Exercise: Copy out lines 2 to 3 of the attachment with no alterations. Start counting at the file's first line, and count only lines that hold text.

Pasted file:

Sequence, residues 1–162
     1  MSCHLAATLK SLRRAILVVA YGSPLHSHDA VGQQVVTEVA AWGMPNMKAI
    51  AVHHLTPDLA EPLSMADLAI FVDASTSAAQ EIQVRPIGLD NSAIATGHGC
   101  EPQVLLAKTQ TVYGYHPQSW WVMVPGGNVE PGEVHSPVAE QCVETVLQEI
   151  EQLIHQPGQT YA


     1  MSCHLAATLK SLRRAILVVA YGSPLHSHDA VGQQVVTEVA AWGMPNMKAI
    51  AVHHLTPDLA EPLSMADLAI FVDASTSAAQ EIQVRPIGLD NSAIATGHGC